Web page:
Kabakov AE, Tertov VV, Saenko VA, Poverenny AM, Orekhov AN
Clin Immunol Immunopathol 1992 Jun 63:3 214-20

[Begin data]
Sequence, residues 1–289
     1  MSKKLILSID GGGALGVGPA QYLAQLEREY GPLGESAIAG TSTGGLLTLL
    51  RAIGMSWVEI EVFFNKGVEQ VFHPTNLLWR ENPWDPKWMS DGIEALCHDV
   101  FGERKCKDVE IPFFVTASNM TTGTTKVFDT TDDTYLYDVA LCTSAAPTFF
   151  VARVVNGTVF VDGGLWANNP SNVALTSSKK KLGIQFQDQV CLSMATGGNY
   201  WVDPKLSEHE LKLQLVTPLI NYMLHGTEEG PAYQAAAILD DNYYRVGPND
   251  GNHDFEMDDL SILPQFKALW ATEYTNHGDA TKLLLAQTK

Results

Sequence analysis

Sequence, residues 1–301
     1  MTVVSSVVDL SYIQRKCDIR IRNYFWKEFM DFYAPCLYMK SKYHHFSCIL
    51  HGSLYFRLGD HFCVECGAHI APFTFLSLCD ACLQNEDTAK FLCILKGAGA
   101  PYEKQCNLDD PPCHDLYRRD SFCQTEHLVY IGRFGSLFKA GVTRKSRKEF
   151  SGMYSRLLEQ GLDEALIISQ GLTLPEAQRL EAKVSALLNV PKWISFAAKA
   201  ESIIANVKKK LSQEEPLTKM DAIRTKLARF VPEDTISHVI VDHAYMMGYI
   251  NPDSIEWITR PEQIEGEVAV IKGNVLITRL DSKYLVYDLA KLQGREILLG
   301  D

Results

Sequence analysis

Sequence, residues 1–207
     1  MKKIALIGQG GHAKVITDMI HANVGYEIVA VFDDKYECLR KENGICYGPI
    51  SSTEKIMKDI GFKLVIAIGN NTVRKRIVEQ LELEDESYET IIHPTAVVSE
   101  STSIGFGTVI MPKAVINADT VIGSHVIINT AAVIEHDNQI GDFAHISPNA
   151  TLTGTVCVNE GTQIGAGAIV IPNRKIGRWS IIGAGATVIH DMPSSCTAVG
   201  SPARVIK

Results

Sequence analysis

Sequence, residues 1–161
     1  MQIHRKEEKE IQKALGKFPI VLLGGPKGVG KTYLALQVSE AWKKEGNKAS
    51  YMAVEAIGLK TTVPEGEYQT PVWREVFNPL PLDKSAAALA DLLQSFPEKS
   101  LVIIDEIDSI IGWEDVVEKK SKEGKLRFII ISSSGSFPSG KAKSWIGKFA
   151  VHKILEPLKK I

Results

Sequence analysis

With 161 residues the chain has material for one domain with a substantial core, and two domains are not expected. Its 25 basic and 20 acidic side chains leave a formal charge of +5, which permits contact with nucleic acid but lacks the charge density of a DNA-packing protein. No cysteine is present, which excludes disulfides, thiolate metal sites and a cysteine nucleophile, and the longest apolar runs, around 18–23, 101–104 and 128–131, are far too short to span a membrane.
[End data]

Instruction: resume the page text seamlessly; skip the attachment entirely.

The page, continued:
The influence of systemic lupus erythematosus (SLE) patients' sera on lipid accumulation in the cultured smooth muscle cells (SMC) from unaffected human aortic intima was examined. It was demonstrated that the cholesterol uptake in the SMC cultured in the presence of SLE sera is 1.5- to 6-fold higher than in the cells cultured with normal human sera (NHS) obtained from healthy donors. Incubation of the SMC with circulating immune complexes (CIC) isolated from lupus sera by precipitation with 2.5% polyethylene glycol 6000 (PEG) caused a 3- to 4-fold rise in the intracellular cholesterol level. The atherogenic effect of lupus sera, as well as isolated CIC, strongly correlated (r = 0.98) with the low density lipoprotein (LDL) content in the PEG-precipitated CIC. The cholesterol level in cultured SMC also increased 2- to 3-fold when growth medium was supplemented with LDL, DNA, and anti-DNA autoantibodies (IgG) affinity isolated from lupus sera. Using immunofluorescent staining, it was shown that the addition of a DNA-anti-DNA IgG mixture to the growth medium, together with NHS, stimulated LDL incorporation in the SMC. The results of double-label staining suggest the formation of LDL-DNA-IgG complexes which seem to be entrapped in cells more actively than free LDL. The composition of PEG-precipitated CIC was studied by electrophoresis and immunoblotting. Significant amounts of apolipoprotein B, as well as low molecular weight DNA and immunoglobulins, were found in SLE-derived CIC. The data obtained suggest that the atherogenic effect of human lupus sera in vitro is generally due to the appearance of LDL-containing immune complexes. Different mechanisms possibly involved in the lupus atherogenesis are discussed.